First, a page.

Slovene week

Contemporary Slovenian Drama (in English) about (Contemporary) Slovenian Drama

/ by Simona Hamer


A red velvet curtain in the Theater of Slovenian plays opens and…



An empty stage.

No, this is not a joke. Or a haiku. Or a metaphor.

On a gigantic stage is a simple, clearly visible…nothing.

NOTHING. No set, no actors. Nothing. Not even a chair or some other piece of furniture. Or a hatchet – a Slovenian interpretation of Chekhov’s gun - that would lead our respected audience to believe that someone is going to appear, pick it up and chop someone’s head off. Or prep some wood for his mother’s furnace.


But that's ok. Our audience is used to all sorts and types of theater. As long as it's good. That's the only relevant criteria. Our dear audience awaits, with great patience, someone or something – as we said, they are very open – to appear on stage.

Still nothing.

Not even a sign reading “Out of order” or “I’ll be right back” or “The End” that would lead the experienced audience to believe that maybe, just maybe, they are already experiencing art. Performance art.

No song, no music, no light design, no words. Not even a noun or a letter.


Audience is becoming impatient. Especially so-called “professionals” who are here on business. To find new plays. New talent. New magic. Yes – they do exist. And yes – they are foreigners. Slovenian professionals don’t bother going to the theater. Or to read plays.i They just ask around and then offer an opinion.

Nothingness on the stage.

What’s going on? They paid for their ticket (or got them for free) and prepared themselves for a nice evening in the Theater of Slovenian plays. And now all they see is an empty stage. Why?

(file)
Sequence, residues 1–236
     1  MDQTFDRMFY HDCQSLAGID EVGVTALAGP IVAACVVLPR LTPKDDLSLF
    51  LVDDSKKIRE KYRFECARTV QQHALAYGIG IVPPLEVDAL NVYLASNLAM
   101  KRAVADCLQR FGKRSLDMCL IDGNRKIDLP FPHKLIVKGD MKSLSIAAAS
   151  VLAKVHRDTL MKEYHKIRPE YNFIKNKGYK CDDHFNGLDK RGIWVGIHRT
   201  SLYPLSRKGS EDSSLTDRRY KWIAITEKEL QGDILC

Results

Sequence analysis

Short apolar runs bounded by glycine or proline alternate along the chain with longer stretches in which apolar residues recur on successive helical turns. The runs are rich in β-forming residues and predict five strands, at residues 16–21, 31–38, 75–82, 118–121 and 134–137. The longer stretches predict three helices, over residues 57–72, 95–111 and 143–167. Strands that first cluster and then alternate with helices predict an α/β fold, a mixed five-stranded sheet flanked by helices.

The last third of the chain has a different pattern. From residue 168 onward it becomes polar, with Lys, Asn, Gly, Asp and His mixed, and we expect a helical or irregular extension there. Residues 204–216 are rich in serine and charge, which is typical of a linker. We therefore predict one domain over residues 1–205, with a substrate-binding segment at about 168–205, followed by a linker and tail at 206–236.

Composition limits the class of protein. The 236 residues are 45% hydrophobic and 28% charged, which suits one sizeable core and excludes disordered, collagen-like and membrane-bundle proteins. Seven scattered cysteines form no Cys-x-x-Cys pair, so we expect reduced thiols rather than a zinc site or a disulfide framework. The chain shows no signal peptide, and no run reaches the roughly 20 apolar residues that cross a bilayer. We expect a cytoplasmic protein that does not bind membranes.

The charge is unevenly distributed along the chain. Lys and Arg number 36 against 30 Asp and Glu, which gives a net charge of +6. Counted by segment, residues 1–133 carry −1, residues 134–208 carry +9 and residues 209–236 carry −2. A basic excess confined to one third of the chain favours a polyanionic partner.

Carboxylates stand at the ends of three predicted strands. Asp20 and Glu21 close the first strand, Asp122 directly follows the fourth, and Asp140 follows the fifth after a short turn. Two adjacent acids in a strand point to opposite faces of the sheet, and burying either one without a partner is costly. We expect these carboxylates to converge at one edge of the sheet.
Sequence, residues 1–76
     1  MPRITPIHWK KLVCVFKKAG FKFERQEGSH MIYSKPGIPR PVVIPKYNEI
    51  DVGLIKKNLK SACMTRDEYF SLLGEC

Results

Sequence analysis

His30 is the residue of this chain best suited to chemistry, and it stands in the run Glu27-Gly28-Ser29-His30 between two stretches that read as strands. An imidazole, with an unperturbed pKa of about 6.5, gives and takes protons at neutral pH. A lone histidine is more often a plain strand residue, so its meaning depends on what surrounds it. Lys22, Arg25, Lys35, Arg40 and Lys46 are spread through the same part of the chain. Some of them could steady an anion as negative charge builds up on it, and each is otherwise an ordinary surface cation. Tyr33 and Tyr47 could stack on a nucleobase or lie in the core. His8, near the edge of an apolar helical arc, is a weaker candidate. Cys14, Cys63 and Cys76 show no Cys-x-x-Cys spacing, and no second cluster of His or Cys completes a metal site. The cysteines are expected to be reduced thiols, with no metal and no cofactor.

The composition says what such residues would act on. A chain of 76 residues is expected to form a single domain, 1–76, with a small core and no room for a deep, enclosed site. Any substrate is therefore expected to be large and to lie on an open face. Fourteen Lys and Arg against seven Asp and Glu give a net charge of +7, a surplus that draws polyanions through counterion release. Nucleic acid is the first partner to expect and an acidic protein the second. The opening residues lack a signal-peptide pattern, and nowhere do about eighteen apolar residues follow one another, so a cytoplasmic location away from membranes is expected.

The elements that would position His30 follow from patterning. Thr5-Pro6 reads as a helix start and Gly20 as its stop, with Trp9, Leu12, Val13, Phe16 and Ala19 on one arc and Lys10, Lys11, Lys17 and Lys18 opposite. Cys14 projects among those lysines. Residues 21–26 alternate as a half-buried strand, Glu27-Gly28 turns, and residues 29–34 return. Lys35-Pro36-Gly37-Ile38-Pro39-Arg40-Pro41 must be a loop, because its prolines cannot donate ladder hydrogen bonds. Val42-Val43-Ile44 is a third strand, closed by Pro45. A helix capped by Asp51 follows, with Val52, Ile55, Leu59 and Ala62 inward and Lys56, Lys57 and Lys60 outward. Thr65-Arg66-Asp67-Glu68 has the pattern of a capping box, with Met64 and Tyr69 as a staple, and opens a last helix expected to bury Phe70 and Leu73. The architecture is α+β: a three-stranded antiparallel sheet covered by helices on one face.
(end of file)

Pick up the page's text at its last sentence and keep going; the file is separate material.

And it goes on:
Well, the answer is quite simple – (and it comes with a slight change of genre, so brace yourself, dear reader) - Slovenian plays are being held hostage. Trapped in a basement – which is more of an Austrian thing but we, Slovenians, like to copy-paste important others… Come – let’s have a look!


So – we are now on the other side of the red curtain. Backstage at the Theater of Slovenian plays. Let’s skip the symbolic and metaphoric journey and just say that we are here. In the basement!

Before us we find a heavy iron door. We must sneak by big shiny offices of the guards. Don’t worry, dear reader, they are just taking a nap – the job is exhausting. The guards have to keep Slovenian plays locked up. Especially contemporary ones – the most dangerous of them all! That’s how it’s been done for years. Just every now and then – so that nobody gets suspicious – they will let a play out on the stage. And then, after five minutes in the spotlight, they will lock her up again. The guards usually pick a classic. It’s less risky. History already-confirmed as okay, and the audience has heard about them in school. No surprises. But still – you have to be careful. Slovenian plays are sneaky little bastards, and you wouldn’t want them confusing fragile audiences that are used to seeing only the best: Classic Greek tragedy, Shakespeare, maybe some Russian stuff for the melancholic Slavic soul or – if you want to be really out there and wild – some superstar of contemporary drama that is being played all over Europe.

But enough about the guards.

Let’s see what is going on behind the double-locked doors:



We had a dream we’ve managed to escape this prison.

We had a dream that we were on stages, on radios, in books, magazines and the world wide web.

We had a dream that we were fulfilling our purpose.

We had a dream about waking up and taping a piece of paper onto a red velvet curtain. Or just nailing it onto the door of Ministry of culture. Or the parliament. Or on all of them. This part of our dream is a little foggy, so it’s hard to tell…

We had a dream that, on this paper, our demands were written:

- that the commissioning, staging and publishing of Slovenian contemporary plays should be mandatory for recipients of state money and, therefore, a long-lasting strategical key point of development in the national cultural plan of the Ministry of Culture